When Terry entered the room, nobody noticed him, not even me. He struggled to get a foothold in the conversation, too quiet, too nondescript to draw attention.
When someone finally made introductions, the rest of us stared as if we were in the presence of a secret celebrity. Wow. This skinny, unassuming guy set up the event.
As the conversation advanced, Terry chose his words carefully, rarely talked about himself, but gradually attracted folks into his circle until it turned into a crowd.
Just when it seemed like his mythical trance over us waned, he’d compliment someone on their use of an odd vocabulary word or their knowledge of Peruvian restaurants in Denver. We all found it amusing, even charming.
As some of the participants talked about their skills, experience, and background, he’d match them up with other folks or offer introductions, further winning charm points.
By the time the event ended, a crowd of folks encircled him like they were aides to the President of the United States.
A week later, Terry invited me into his office to chat about my knowledge of the mortgage business. As we talked, he nudged me into bragging about my wins, stoking a feeling of pride. And then he asked how he could help me.
“I could use some help with sales,” I said.
Two weeks later, I hired him to mentor me.
Terry wasn’t particularly outgoing, funny, or quick-witted, but he had mastered several skills that made him one of the most charming people I’d ever known.
For some social savants, charm comes by way of their DNA. They can strike up conversations at will, deliver funny jokes at just the right time, or entertain merely by speaking their mind.
But charm is also a skill you can learn. In its purest form, it merely means the power to delight or to arouse admiration.
As I started working with my mentor, he taught me some of his tricks, which I came to realize weren’t really tricks, just solid skills in salesmanship.
Become facilitator in chief
If you’re a quiet person, you need an in to win the attention of a crowd, even if it’s just a few people. The challenge proves formidable, especially when you don’t know anyone in the group you seek to target.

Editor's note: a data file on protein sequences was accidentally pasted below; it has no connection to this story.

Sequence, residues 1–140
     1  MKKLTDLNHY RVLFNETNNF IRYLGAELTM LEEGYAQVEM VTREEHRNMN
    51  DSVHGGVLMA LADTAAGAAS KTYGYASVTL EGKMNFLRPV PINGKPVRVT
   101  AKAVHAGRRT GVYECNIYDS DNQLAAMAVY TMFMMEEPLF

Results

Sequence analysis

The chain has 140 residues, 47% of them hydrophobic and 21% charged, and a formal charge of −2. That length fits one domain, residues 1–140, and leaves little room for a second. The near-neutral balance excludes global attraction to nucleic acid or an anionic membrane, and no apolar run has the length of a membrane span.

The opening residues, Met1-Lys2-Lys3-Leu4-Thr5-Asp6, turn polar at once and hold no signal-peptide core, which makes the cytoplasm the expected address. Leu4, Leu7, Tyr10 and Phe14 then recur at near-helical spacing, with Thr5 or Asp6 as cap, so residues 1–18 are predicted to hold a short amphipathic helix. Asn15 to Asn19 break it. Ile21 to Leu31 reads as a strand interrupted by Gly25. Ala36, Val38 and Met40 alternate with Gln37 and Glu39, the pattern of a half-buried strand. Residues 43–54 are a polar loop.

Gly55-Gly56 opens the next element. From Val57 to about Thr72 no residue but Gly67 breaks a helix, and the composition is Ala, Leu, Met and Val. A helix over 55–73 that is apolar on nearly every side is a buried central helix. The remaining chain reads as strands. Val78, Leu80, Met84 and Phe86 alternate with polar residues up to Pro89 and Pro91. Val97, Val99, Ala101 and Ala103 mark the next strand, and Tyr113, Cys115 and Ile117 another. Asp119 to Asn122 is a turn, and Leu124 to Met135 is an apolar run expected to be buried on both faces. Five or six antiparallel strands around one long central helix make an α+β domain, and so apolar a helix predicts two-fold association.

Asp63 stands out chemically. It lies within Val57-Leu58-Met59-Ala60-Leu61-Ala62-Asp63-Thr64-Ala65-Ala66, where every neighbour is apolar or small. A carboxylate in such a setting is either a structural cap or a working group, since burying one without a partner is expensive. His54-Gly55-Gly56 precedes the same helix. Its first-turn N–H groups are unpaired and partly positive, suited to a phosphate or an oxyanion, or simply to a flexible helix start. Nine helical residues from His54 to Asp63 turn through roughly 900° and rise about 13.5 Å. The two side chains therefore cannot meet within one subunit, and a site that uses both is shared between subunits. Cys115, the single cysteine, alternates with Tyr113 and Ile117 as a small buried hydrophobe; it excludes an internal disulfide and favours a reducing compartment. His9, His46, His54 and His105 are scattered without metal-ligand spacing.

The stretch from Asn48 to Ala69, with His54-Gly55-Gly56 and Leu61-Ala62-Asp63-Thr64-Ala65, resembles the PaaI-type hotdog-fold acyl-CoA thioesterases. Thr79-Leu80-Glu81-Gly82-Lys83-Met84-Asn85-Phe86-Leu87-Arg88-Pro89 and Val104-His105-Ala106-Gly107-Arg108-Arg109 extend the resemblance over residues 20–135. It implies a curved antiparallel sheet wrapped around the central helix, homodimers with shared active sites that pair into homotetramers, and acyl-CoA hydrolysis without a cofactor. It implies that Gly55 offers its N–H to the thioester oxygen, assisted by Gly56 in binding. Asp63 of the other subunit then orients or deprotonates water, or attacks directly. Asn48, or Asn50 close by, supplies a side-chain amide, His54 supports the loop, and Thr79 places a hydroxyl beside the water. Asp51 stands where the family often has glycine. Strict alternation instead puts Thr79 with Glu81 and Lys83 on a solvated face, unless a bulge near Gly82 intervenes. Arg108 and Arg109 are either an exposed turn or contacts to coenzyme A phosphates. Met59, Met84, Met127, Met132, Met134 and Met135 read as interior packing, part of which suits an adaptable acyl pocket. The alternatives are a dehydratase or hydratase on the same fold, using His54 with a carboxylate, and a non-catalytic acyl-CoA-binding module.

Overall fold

As a quiet person, I’d often fake a bubbly personality to entrench myself in a conversation. That tact always backfired, coming across like that desperate kid in high school trying too hard to fit in, earning them ridicule instead of reverence.
Fortunately, There’s an easier way.
Position yourself as the facilitator in chief — the one who sets everything in motion for the benefit of others. When my mentor Terry set up that networking party, we owed him a debt of gratitude since we benefitted from his action. That generous act created a desire to reciprocate, and we did so by granting him a spotlight.
Acting as the facilitator alone won’t dub you a master of charm, but it earns you the attention and gratitude of those who benefit from your actions, a vital step in winning and maintaining attention.
Use reversals instead of questions.
If you’ve ever taken a course on influence, power, or even just socializing, then no doubt, your instructor stressed the power of questions.
But what questions do you ask? And how do you avoid sounding too inquisitive? Ever meet someone new and get the disquieting feeling that you’re under an interrogation lamp, facing an eager detective looking to expose you?
That’s the danger of questions. You can push too hard and unintentionally induce extreme discomfort.